Miami Beach

Last call may come earlier on South Beach’s Ocean Drive

Some of South Florida’s hottest bars and lounges are on Ocean Drive. At Wednesday’s City Commission meeting, Mayor Philip Levine is proposing a limitation on liquor sales after 2 a.m. on the street.
Some of South Florida’s hottest bars and lounges are on Ocean Drive. At Wednesday’s City Commission meeting, Mayor Philip Levine is proposing a limitation on liquor sales after 2 a.m. on the street. Miami Herald File

After neighbors’ complaints, robberies and reports of late-night noise on Ocean Drive, Miami Beach Mayor Philip Levine is proposing to limit liquor sales on the street with some of South Florida’s hottest bars and lounges.

Levine, in an email blast Monday, said that he will propose an ordinance that would limit alcohol sales after 2 a.m. on Ocean Drive from Fifth to 15th streets. His ordinance will be discussed Wednesday at the city’s regular commission meeting.

The ordinance would not apply to bars and lounges that are enclosed and located entirely within hotels. Last year, the city banned alcohol sales from 2 to 8 a.m. at sidewalk cafés.

“This lawless disruption is unacceptable to everyone who comes here and everyone who lives here, it has escalated to the point that many residents feel compelled to avoid the area altogether,” Levine said in the email. “Let’s not allow this incredible street, which symbolized the rebirth and renaissance of our city, to now signify decay and decline.”

The mayor’s proposal comes after neighborhood uproar over the King of Diamonds strip club potentially coming to Ocean Drive. The property’s owner, former rapper Akinyele Adams, said he’s opening a restaurant at the space.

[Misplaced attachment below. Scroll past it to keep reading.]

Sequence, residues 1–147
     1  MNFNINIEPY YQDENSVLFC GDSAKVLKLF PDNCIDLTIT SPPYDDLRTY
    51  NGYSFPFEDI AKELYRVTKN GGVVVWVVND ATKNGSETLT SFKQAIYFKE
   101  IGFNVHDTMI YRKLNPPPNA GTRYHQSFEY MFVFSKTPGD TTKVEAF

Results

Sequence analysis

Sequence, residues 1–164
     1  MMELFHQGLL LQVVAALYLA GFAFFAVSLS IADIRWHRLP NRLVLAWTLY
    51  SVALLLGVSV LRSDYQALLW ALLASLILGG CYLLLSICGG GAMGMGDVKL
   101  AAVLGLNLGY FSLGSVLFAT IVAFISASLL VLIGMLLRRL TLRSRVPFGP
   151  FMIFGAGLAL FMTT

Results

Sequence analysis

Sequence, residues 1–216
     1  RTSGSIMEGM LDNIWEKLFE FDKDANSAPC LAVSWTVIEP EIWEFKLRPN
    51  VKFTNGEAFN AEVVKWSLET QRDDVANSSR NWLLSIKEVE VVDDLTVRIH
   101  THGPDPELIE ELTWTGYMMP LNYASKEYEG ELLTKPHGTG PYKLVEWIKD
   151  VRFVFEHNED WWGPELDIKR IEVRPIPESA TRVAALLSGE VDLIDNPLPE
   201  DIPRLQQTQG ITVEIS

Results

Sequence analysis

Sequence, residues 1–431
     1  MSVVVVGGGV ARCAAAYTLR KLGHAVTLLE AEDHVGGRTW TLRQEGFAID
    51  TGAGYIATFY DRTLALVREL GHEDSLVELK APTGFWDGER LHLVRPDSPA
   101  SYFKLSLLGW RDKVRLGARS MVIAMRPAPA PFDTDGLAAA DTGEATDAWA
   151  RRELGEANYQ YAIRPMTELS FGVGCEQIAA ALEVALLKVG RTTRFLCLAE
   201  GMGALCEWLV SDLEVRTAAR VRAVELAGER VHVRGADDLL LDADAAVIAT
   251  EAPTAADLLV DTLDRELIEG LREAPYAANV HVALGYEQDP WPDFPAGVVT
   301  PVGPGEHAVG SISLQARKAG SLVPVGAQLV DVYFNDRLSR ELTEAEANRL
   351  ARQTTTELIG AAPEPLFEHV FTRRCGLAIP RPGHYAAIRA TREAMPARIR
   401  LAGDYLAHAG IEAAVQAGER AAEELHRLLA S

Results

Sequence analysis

Police also arrested three men last month after they allegedly robbed and sexually assaulted a Texas woman in the area.

Joshua Wallack, chief operating officer for Mango’s Tropical Cafe, said the mayor’s announcement was unexpected. He said he respects Levine’s attempt to address the issues and facilitate discussion but he thinks the approach is wrong.

“The way to handle it is to get tough on crime and send a message to the kids committing these crimes,” Wallack said. “He just needs to be mindful of how long it took us to get out of the doldrums and be mindful of what got us out of the doldrums, and that was nightlife.”

Levine said he doesn’t necessarily expect the item to pass but called it a conscience-clearing initiative and said it’s the best plan for Ocean Drive.

“I think that we have a situation where we can’t allow three bars to control the brand and the safety and security of the city of Miami Beach,” Levine said.

Last year, when the city restricted alcohol sales at sidewalk cafes, Levine said Ocean Drive was turning into “a Bourbon Street. It’s turning into a terrible place that’s become a blight, a cancer that spreads to our entire city.” The city also established a task force that presented ideas earlier this year on how to make the popular strip safer and cleaner.

The Miami Beach commission meeting begins 8:30 a.m. Wednesday at City Hall, 1700 Convention Center Dr.

Lance Dixon: 305-376-3708, @LDixon_3

  Comments